I believe that some of you either have much more faith in the national figures and thinking in 1940 than I do. Or you do not understand how those nations acted like petulant children most of the time. Truthfully I do not see any difference in many nations ( NOT THE US ) thinking and policies between 1914 and 1940. True most were scared off by war but not because of clearer educated thinking, it was just fear of casualty lists.

I will make one other statement. I do believe that we are extremely lucky that science had not been more advanced in 1914-18. I believe that the European nations at war would have used anything to win that war. if they could have bombed as in WW2 thaey would have done it even more. If they could have gassed other countries they would have. They would have nuked each other and probably us right out of existence. So my thoughts are based on what I believe these countrys and ( and others, NOT THE US ) others would have done in 1918. You can see that I would have a hard time believing that 22 years would make made much of a difference to their actions.

(in reply to bradfordkay)
Post #: 194
RE: WWII boming debate - 3/5/2008 9:41:13 PM   
Ike99


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quote:

Sorry, Ike, but "Justice" Pal is not a source that most historians would consider reliable, what with his ties to the people whose trials he was presiding over. In fact, his inclusion in the trials goes to show just how far the allies were willing to travel in order to make those trials as fair as possible under the circumstances.


I´m not sure what you mean by Pal not being a reliable source for historians. He is not reliable for what?

But as far as the allies making the trial as fair as possible...In what way?

That was a victors court. Not a single judge was from a losing or neutral country. They could have had 3 axis judges, 3 allied judges and 5 judges from neutral nations. Or all the judges from neutral nations, 11 judges from switzerland, any combination of judges to be more ¨fair¨ and let the results fall where they fall.

There is nothing going to be ¨fair¨ when you have all judges from the victorious side in a war.

With cutting off Japans entire supply of oil, that was definately a hostile act. How can you cut off the entire supply of oil to any nation and not consider it hostile?



< Message edited by Ike99 -- 3/5/2008 9:56:23 PM >

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Post #: 195
RE: WWII boming debate - 3/5/2008 10:01:18 PM   
mdiehl

 

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quote:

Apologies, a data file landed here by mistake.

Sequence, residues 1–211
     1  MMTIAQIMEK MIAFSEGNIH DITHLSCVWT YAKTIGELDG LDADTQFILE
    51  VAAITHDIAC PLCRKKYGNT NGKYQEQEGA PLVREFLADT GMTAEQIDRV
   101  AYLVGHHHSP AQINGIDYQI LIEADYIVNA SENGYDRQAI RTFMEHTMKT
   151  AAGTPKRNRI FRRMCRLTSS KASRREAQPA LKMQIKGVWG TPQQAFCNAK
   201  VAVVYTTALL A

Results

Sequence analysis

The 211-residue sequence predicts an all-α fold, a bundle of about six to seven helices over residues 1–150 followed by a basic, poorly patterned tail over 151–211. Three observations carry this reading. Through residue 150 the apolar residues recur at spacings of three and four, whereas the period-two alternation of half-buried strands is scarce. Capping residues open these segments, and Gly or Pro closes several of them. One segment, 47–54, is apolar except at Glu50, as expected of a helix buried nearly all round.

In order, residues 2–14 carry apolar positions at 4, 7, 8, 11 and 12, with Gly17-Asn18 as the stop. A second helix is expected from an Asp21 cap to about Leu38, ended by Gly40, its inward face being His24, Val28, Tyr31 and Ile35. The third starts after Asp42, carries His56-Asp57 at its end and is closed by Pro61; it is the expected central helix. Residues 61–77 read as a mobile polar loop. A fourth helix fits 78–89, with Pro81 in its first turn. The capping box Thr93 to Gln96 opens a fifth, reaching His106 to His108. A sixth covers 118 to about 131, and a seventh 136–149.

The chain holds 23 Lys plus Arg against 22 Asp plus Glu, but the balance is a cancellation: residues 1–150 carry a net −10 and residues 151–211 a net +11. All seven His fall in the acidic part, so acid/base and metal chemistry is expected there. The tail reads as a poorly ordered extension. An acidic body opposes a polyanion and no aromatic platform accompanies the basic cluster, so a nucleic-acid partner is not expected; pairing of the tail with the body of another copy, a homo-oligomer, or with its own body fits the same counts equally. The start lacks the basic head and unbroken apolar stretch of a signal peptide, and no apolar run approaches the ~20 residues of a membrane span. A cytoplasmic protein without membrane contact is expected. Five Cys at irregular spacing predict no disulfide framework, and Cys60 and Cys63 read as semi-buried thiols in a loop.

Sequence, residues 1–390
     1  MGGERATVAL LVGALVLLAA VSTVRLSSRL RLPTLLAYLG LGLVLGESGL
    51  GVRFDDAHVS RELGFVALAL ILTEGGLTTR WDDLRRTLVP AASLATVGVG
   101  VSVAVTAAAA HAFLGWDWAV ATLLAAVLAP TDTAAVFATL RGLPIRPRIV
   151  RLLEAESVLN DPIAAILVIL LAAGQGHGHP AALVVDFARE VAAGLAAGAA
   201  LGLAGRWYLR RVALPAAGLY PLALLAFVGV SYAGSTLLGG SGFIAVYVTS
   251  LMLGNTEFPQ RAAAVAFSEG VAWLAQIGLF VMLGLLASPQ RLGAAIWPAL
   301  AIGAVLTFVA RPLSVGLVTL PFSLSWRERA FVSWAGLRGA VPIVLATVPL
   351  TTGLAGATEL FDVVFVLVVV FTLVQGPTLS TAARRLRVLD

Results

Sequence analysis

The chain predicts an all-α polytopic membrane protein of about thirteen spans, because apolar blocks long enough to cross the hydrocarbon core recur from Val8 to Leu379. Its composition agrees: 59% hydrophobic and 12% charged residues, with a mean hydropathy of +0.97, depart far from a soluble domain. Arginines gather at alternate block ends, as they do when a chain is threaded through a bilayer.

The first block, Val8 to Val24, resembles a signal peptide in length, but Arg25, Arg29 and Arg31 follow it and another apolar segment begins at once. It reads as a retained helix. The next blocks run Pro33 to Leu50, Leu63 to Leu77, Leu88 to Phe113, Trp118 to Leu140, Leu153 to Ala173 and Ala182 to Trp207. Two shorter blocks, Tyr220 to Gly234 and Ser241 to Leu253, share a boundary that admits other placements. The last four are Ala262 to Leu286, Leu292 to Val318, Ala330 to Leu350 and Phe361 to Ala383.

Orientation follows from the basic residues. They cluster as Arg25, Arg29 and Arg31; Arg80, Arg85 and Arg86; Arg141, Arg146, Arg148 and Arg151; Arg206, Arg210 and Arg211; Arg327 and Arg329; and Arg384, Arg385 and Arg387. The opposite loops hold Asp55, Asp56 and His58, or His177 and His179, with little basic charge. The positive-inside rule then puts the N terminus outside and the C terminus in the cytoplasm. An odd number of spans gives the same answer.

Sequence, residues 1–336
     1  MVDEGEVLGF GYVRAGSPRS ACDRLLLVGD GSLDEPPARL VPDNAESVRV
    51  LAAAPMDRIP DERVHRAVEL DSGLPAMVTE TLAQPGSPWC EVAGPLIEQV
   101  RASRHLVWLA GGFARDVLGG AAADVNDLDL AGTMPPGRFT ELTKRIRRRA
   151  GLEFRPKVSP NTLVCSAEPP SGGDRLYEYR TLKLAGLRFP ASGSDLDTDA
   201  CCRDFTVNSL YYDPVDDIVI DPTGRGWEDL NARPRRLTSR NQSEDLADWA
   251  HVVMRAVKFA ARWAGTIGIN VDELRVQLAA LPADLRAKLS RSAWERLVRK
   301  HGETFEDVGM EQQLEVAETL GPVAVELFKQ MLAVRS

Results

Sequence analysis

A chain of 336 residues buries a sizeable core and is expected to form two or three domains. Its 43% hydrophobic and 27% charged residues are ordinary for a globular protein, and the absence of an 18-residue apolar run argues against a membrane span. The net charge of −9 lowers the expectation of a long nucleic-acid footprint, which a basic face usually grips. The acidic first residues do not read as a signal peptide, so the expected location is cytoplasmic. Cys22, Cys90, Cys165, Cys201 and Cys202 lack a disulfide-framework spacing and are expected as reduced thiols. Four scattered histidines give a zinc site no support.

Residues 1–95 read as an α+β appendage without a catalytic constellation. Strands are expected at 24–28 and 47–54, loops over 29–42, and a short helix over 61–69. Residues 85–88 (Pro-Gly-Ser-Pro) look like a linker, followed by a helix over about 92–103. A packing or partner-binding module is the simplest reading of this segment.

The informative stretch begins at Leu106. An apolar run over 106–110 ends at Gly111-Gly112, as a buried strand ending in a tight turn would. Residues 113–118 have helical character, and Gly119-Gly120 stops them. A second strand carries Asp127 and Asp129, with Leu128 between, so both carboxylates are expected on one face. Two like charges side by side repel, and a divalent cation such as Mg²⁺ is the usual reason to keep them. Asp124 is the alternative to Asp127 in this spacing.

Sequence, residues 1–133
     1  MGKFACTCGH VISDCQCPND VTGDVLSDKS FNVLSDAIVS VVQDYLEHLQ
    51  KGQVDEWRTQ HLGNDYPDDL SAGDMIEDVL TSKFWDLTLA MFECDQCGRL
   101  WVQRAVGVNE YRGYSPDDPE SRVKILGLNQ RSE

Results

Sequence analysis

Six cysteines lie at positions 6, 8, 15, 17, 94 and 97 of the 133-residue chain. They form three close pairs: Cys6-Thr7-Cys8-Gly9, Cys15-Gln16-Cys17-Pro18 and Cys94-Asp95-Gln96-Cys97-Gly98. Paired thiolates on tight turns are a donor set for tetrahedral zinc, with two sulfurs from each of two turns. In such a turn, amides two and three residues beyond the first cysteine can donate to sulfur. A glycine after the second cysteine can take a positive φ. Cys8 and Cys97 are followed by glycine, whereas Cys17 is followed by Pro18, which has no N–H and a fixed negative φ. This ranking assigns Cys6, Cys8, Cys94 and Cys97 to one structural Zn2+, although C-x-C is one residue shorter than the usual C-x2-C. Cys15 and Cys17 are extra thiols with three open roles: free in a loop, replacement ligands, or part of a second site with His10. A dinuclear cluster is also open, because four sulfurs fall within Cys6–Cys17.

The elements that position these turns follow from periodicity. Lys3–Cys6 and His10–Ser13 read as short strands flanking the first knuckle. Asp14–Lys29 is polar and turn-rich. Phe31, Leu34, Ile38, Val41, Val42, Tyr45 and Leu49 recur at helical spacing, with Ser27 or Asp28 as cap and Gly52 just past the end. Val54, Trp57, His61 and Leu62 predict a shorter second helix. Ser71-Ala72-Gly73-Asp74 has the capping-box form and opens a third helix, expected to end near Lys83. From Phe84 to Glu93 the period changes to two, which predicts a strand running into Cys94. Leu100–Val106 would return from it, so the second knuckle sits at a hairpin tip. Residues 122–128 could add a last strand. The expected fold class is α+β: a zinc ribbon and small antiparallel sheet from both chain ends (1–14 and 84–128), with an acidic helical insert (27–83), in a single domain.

I have many American Indian friends who might take a different view of the US's treatment of it's indigenous population than you hold.


And if they equated it with Japanese treatment of civilians in China or the PI, your "American Indian friends" would be incorrect. There are worlds of differences and equating the US policies towards Native Americans with Japanese policies towards captive civil populaces feels to me like a clear straw man comparison. You can find arguable one possible instance of attempted genocide as an official policy (during Andrew Jackson's Presidency), and of course you can find alot more garden variety injustice, but there's nothing in US treatment of Native Americans that rises to the same level of either intent or scale attempted by any of the Axis powers in WW2. Indeed, some of the worst injustices seem to in the US have been a consequence of fallacious reasoning. Without going into detail, there's reasons why 40 acres and a mule was not a good cookie cutter solution.

There are also plenty of NAIs who are rather pleased with the US bringing stability to a warring land. If you were a northern Plains NAs, especially if you were an Arikara, the arrival of US admin radically improved a rotten situation (owing to the bad boys of the high plains, the Blackfeet, predations on neighboring groups).

quote:

There is nothing going to be ¨fair¨ when you have all judges from the victorious side in a war.


Baloney. I am aware of no trials in which the defendents get to appoint the judges. And yet one finds myriads of instances in which acquittals are made. The defendents in the Axis war crimes trials were convicted of their crimes because they were (a) guilty, (b) in violation of conventions that they had signed and (c) in violation of moral standards that they claimed to espouse. Nothing in traditional Japanese culture was consistent with the events in Nanking or Manila. The whole premise of the "co-prosperity sphere" and the anti-colonialism effort was to put a stop to things of that sort. The people committing these crimes knew what they were doing knew it was wrong and thought they could get away with it. It's as simple as that.

quote:

With cutting off Japans entire supply of oil, that was definately a hostile act.


Let's cut the Gordian Knot by dispensing with semantic doublespeak. Cutting off access to American oil (which was not in fact "Japan's entire supply of oil") was not a "hostile act" much less an act of war and therefore not a causus belli. Vis a vis war, hostile acts usually entail killing someone. The sinking of USS Panay was a hostile act. The attack on Pearl Harbor was a hostile act. Denying access to American oil was not a hostile act; no Japanese was in immediate or even long term threat of death or injury from lack of access to American oil. The only threat to Japan from that embargo was that operations in China would in a couple of years had to be suspended.

quote:

How can you cut off the entire supply of oil to any nation and not consider it hostile?


As noted, Japan was not cut off from oil. Furthermore, inasmuch as the embargo did of itself kill or injure no person, no one could accurately call it a "hostile act" much less a causus belli.


_____________________________

Show me a fellow who rejects statistical analysis a priori and I'll show you a fellow who has no knowledge of statistics.

Didn't we have this conversation already?